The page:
South Korean President, Park Geun Hye is currently in the United States meeting President Obama and other key members of the government.
In her address to the US Congress, given in English, she thanked the US for its enduring co-operation in maintaining security in South Korea over the past sixty years, as well as discussing South Korea’s economic future and relations with the North. As her speech drew to a close, she referred to what she calls “Asia’s paradox”, the idea that despite increasing economic dependency, political and security co-operation has shown little progress due to disagreements over their shared history.
In the Japanese media, this reference to troubled relations between East Asian states has been taken as a direct criticism of the Japanese government’s firm stance on its narration of Japan’s colonial past.
This article from the Yomiuri Shimbun was the most shared article on Facebook among Japanese users, and attracted thousands of tweets.
From Yomiuri Online:
President Park Geun Hye Criticizes Japan As “Asia’s Paradox” During US Meeting
On May 8, South Korean President Park Geun Hye gave a speech in English at a joint session between the Upper and Lower Houses and the Senate in the United States.
Regarding the regional situation in North East Asia, President Park indicated that there was constant conflict over the “history issue”, thus criticising Japan while avoiding singling out any nation by name.
During a meeting between the two leaders on April 7, following on from President Obama’s statement that “Japan ought to have a correct understanding of history”, he voiced a sense of uncertainty over the Abe administration.
While President Park indicated that economic interdependence between nations in North East Asia is increasing, little progress was being made in the areas of political and security relations due to the continuing conflict surrounding historical issues. President Park termed this current state of affairs as “Asia’s paradox”, and criticised the Japanese government’s understanding of history with the phrase, “Those who are bind to the past cannot see the future”.
Comments from Twitter:
Brown-noser. Park’s talking about the concept that when looking toward the future, the discord with Japan will tend to get worse due to differences in our understanding of history, but that is the way things are, and I don’t suppose there’s any other way of saying it. She probably should have said that Japan has been right all along.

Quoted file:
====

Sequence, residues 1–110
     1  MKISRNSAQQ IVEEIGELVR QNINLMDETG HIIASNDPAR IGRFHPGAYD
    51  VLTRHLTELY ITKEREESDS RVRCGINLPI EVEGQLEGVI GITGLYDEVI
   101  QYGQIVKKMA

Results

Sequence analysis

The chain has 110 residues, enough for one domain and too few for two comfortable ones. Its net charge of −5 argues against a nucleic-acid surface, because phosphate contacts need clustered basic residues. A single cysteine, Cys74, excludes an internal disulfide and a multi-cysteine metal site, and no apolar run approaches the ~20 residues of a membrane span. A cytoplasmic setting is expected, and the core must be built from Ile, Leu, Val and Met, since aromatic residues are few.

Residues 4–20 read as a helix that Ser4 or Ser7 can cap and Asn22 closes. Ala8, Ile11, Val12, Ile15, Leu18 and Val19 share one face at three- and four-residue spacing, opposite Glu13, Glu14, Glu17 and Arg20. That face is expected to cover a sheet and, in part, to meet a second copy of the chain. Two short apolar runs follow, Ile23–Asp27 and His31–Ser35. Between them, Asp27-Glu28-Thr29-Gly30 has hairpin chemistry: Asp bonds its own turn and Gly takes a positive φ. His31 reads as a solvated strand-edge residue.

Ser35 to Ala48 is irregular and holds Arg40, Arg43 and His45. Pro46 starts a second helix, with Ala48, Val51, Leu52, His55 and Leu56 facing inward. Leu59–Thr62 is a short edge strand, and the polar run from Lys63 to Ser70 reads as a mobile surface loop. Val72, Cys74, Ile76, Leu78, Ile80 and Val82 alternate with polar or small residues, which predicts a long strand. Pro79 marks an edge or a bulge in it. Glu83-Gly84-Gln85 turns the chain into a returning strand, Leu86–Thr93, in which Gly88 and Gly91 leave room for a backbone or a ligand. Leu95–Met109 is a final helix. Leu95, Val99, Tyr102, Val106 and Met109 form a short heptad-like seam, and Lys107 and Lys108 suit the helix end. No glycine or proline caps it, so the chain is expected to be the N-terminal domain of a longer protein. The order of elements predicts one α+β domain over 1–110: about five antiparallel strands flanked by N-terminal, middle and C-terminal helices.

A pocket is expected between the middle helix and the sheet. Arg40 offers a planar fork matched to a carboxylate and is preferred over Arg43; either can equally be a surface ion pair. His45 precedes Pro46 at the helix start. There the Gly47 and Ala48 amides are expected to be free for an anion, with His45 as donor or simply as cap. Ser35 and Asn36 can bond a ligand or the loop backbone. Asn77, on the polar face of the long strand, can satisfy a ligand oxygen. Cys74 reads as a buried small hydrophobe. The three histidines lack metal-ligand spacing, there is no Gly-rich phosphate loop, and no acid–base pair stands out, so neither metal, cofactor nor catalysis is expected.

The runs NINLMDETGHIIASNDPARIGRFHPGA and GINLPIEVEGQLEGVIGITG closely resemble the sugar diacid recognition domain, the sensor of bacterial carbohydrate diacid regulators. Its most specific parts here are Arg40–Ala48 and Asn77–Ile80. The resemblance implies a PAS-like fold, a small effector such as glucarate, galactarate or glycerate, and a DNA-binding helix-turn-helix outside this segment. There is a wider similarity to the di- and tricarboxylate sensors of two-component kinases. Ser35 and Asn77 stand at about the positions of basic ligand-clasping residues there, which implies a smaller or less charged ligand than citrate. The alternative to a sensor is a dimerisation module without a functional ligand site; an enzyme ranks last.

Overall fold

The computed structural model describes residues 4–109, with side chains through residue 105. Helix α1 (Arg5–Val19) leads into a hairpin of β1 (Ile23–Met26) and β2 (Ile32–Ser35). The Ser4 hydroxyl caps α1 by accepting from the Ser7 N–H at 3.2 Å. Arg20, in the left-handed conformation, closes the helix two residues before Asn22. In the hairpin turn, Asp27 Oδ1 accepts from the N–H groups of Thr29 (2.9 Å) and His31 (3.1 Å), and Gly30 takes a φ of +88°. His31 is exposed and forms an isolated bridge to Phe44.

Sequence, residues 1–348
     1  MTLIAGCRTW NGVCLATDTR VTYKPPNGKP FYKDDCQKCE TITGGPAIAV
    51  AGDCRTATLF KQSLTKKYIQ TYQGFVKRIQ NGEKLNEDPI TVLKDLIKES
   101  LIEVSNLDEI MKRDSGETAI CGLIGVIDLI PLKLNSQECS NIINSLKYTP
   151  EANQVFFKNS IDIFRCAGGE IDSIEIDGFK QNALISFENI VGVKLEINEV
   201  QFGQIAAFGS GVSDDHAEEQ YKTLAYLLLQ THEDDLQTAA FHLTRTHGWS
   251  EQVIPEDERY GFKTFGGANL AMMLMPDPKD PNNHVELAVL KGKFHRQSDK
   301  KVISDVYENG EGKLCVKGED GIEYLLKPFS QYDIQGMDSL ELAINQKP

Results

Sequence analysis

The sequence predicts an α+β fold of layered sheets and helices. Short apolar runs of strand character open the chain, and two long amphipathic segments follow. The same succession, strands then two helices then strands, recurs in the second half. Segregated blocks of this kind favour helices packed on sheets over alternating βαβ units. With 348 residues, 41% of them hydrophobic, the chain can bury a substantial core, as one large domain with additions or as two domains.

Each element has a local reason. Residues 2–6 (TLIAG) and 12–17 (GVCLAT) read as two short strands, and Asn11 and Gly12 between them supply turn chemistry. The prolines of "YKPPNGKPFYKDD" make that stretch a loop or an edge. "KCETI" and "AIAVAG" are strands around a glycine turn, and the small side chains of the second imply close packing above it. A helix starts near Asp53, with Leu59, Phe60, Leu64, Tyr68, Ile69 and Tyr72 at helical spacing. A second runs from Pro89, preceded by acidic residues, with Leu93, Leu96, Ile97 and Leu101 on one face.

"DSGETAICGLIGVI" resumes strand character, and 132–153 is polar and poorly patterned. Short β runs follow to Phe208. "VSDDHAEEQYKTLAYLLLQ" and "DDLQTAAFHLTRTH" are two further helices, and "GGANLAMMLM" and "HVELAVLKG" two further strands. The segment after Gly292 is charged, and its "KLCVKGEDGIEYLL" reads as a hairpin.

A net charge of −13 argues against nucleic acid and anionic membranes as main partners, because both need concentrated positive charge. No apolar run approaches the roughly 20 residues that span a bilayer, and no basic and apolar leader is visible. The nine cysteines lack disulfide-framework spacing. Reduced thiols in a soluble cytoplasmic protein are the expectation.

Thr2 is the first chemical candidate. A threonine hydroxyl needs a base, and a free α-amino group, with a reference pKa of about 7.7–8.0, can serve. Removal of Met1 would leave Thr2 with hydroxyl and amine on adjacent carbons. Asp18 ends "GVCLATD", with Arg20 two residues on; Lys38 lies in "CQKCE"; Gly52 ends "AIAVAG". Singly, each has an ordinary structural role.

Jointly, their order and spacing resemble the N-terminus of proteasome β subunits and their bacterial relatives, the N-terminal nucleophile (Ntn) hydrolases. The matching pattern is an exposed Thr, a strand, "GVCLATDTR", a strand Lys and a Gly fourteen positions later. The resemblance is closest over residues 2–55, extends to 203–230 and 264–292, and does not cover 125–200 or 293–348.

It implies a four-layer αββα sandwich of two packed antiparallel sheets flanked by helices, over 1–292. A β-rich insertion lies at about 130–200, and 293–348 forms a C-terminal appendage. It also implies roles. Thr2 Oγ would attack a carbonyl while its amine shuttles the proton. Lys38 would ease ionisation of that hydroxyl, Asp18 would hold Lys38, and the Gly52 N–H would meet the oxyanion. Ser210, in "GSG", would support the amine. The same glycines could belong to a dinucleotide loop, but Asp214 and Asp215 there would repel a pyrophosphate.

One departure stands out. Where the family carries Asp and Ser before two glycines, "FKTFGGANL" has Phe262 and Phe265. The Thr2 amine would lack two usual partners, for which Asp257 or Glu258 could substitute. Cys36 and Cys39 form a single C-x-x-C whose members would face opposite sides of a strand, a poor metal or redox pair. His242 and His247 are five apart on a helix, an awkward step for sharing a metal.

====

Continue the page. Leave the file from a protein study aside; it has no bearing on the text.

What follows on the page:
Isn’t she embarrassed to say “Those who are blind to the past history cannot see the future”?
So does she think that if she criticises Japan so soon after the inauguration, her government will go on lasting for a long time?
How dare she make a speech, boldly waving about that fabricated history. I can’t believe it.
Seriously, just go do something with your other insane friends in the Far East! Has Japan ever criticised you lot in public? We haven’t, have we? It’s only you lot who keep barking on about outrageous things.
What the fuck is this old Korean hag.
To use an important meeting with the President of the United States on such pointless things…when there were things like the North Korean issue and the FTA that they should have been talking about…is she stupid?
From now on, it’s better that we don’t involve ourselves with South Korea, North Korea, or China.
Hah, all that when they don’t even recognise the paradox of their own country.
So the correct understanding of history is one in which we kowtow to Korea for the rest of eternity? Give it a fucking rest.
Nah, come on, Park is amazing! “Those who are blind to the past cannot see the future”– if so, then Korea has no future. She went to all the trouble of this self-reflection in a meeting with the American president w!
連邦軍 ＠へたれ極貧 ほぼノートレーダー:
Throughout almost every period in history, the Korean peninsula has been a vassal state of China, and was politically, socially, and culturally enslaved, and now it’s a vassal state of the US. The country is just a barking pet dog, will the day ever come when it’s a real independent state?
The stupid thing about South Korea, is that it insists that colonial domination was a bad thing. Back then, every advanced country worth its salt had colonies. Obviously, that includes America. Are all those countries your enemies?
☆Yup, it’s true, there is definitely a “paradox” in Asia, the sort where any debt of kindness to Japan for economic aid is forgotten.
She’s no different from the old women in my neighbourhood who go around bitching about stuff! While the Japanese government is saying we should handle it like adults, lies are being made into the truth. We have to deal with this before it’s too late!
The foundation of Korea’s present economic development is based on the social infrastructure built during the colonial period by Japan and on the economic aid from Japan in the postwar period. Furthermore, Korea is built on the flows of pioneering technology that came from Japan.
Well, if this is what the leader of the country is like….let’s just sever relations with them as soon as we can!
So it’s getting interesting now〜
If America starts complaining about us because of this, we’ll be a sakoku [closed nation] again.
So might we possibly ask that your researchers and students in Japan return home? If you’re going to twist everything, then it’s better we’re straight forward about things.